KOCHI: Having finished the net sessions on the eve of the Syed Mushtaq Ali Trophy T20 tournament at the JN International stadium here, the Tripura players ambled across the ground for some shade from the bright sun. The team staff were friendlier toward scribes, who were few and far between, and even offered the ‘prying eyes’ tea and water — a rare act of hospitality that one could expect from cricketing sides these days.
The request for an interview with the players and the coach was immediately granted, making one wonder if the good old days of courtesy and humbleness are back. Two players deemed fit to be interviewed by media were lined up and the team’s assistant coach Alok Debroy was calling out for a third player. But when Debroy turned up with the player Rajesh Banik, who played alongside Irfan Pathan in the U-17 World Cup, it was too late. The media had wrapped up the interviews.
For a cricket these days, publicity is guaranteed. That’s why the scenes at the stadium seem nothing short of surreal. But then, there is this bottom line — that the winner takes all. Languishing at the bottom after the season’s Ranji trophy, Tripura is facing a great credibility test. Since their entry into first-class cricket in 1985-86, they have played 151 Ranji matches and out of this, they have managed only 7 wins ( 98 losses, 46 draws). This season, they played eight matches out of which they were battered in five.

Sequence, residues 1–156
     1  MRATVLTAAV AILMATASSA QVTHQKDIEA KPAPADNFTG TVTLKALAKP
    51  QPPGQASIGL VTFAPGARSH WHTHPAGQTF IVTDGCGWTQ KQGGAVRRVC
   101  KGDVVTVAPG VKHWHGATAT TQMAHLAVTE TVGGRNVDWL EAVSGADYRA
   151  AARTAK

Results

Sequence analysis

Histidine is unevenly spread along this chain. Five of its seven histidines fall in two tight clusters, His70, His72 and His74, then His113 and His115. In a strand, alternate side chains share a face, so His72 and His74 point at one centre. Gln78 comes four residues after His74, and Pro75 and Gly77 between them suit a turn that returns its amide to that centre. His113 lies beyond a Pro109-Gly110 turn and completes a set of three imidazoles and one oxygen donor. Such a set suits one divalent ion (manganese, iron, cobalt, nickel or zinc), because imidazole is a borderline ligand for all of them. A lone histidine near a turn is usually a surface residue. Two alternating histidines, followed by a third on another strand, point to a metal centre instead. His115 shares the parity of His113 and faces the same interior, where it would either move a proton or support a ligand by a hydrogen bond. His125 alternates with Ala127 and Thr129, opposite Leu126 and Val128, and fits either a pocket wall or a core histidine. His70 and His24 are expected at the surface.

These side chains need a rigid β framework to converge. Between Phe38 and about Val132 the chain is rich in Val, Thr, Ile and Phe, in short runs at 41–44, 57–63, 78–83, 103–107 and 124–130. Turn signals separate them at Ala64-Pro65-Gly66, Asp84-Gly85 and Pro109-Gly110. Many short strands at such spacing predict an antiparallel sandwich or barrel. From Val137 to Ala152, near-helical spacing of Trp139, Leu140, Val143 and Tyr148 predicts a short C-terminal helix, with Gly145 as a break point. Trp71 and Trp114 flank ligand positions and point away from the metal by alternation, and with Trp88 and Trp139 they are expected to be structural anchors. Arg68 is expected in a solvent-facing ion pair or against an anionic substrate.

Since 2014, they are being trained by Debunarayan Mitra, better known as Debu Mitra, who has had an illustrious domestic coaching career. Though his claim to fame was that he was the childhood coach of Saurav Ganguly, he showed his abilities at the higher level by guiding Saurashtra to the semis of the Ranji Trophy and podium of Vijay Hazare Championship. Having been in a similar situation before — Saurashtra was in plate division before when he took charge there in 2004 — Mitra is aware of the risks involved in guiding a feeble side.
“I like to take risks. Tripura has been doing bad and I was roped in to resurrect the side. My first plan is to make this team ready to reach the elite stage. But that will take some time to achieve. Cricket demands patience and we need time to develop,” he observes.
The Tripura Cricket Association (TCA) was also perturbed by the sliding standards and they have roped in Mitra to arrest the situation first, and later raise the standard.
“They wanted to improve the standards of the game. There was a feeling among many that importing talents from other states can help the team fare well. We had three such players in Ranji Trophy season but they failed miserably. Now we have decided to go ahead with local talents. Cricket will grow in the state with the help of local talents only. Outsiders may help in one or two games but if you want to go the extra mile, you need local players. That’s what I am in search of,” the veteran gaffer said.
Tripura will take on Saurashtra in their first match. The tournament being played in the shortest format, he feels his boys have a chance against stronger opponents. “In T20 games, there will be no favourites. The match can turn on its head at any moment. That’s why I’ve told my boys to buckle up for the challenge,” he said.